Are We Addicted to Stress?

For many, pending deadlines and packed schedules are not overwhelming, but instead can be a driving force that pushes them toward greater productivity.  We have processes to streamline, goals to achieve, promotions to earn, debt to eliminate, exercise regimes to master, dreams to chase, and people to help and inspire.  The “I work best under pressure” mantra environment creates a Catch-22; we get frustrated with ongoing stress, but we perform at the highest level of effectiveness and efficiency when under the exact stress we try to escape.

For some, busyness can be reassuring; a feeling of constant forward-motion and accomplishment is much preferred over being stagnant or empty.  That reassurance can come with an eventual price – stress, while beneficial in moderate amounts, is harmful in excessive amounts, as are most things.

Can We Become Addicted?
The present hysteria is not an obligatory or inevitable condition of life; it’s something we’ve chosen, if only by our acquiescence to it.  Heidi Hanna, author of “Stressaholic: 5 Steps to Transform Your Relationship with Stress,” argues that multiple demands on our time and energy have created a neurochemical dependence on stress.  By activating the dopamine reward center in the brain that feeds us feel-good endorphins, stress can temporarily boost performance, explaining why some appear to get so much done when under extreme pressure.

Just like a drug, the feelings of stress and preoccupation are extremely addictive.  The transition between being hyper-busy to more reasonable levels of activity may be a foreign feeling and withdrawal symptoms may come along with it.  When one becomes addicted to non-stop thinking, worrying, striving, efforting, achieving, straining and stressing, allowing oneself to be truly relaxed and simply breathe can be an adjustment.  It may even feel boring!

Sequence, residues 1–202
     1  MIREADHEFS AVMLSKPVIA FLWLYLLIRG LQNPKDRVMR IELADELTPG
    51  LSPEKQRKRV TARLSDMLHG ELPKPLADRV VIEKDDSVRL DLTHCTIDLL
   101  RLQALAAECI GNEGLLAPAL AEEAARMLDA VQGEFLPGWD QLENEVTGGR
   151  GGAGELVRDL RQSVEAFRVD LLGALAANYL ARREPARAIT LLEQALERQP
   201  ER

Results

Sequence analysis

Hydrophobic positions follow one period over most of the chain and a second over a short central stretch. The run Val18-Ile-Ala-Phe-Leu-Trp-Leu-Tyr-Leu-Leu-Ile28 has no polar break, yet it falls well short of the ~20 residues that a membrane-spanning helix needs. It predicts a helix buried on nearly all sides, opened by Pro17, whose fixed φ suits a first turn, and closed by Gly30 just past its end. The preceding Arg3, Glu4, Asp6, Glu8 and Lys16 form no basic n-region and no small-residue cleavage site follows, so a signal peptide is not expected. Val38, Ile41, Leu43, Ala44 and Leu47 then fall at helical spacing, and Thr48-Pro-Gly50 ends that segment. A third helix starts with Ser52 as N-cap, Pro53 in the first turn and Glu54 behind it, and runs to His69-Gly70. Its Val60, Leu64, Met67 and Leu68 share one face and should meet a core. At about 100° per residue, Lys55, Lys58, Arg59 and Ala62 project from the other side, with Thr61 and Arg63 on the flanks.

Simplifying and Balancing
If you are a self-diagnosed “stress junkie”, start by asking yourself a few simple questions to be sure your efforts support your true intentions:

  • What is it you really want to accomplish?  How does your busyness support your end goals?
  • What are the most important elements of your life?  Your family?  Your health?  Your spirituality?    How much time and focus are you dedicating each day to those elements?
  • Do you control your day, your career, and your life – or do you find those things controlling you?
  • What comfort do you find in being stressed?  Why is it uncomfortable to be relaxed or reflective?

Break the Addiction
One suggestion is to evaluate, and then trim away, all the non-essentials in your day.  What are you involved with out of obligation that could be less frequent or eliminated entirely?  How many social networking sites do you really need to update or check, and how often per day?  What professional responsibilities could be delegated to others, but stay on your plate because “they’ve always been there”?  Eliminating a few non-essential tasks or activities gives you the time and energy to invest in those things that are essential for your balance and wellbeing.

Make a list of all your current important projects that are not urgent, and then assign at least two one-hour slots a week to work on them.  If you don’t begin to do some of the strategic work now, when will you?  Sometimes we get so busy with the minutiae that we neglect the forward-motion activity required for true progress or change.  Usually, the most important things in your life are not necessarily the most urgent.  They don’t call you on the phone, put deadlines on your calendar, or knock incessantly at your door.  They are often quiet – in the background – easy to forget and neglect.  Schedule time for those important projects, and then schedule the nonessentials around them.

Consider de-junking your office or living environment.  Get rid of physical items you don’t need – from old magazines and newspapers, to clothes that don’t fit, to toys and movies that the kids have outgrown.  When what you don’t need is out of the way, it takes much less time and energy to find the things you do need.

Add activities into your schedule that you enjoy and be fully present as you’re doing them.  You may feel you don’t have the time but consider how much extra energy and motivation you receive from pursuing hobbies and gratifications, and how that energy might help you with your regular responsibilities.

Finally, stop trying to be all things to all people!  It is okay to say “no”, or to set expectations as to when it is realistic for you to accomplish the task at hand.  In today’s busy, demanding world, we will likely always have more to do than we can ever get done in a single day.  Find joy and fulfillment in small achievements, day by day, and one at a time.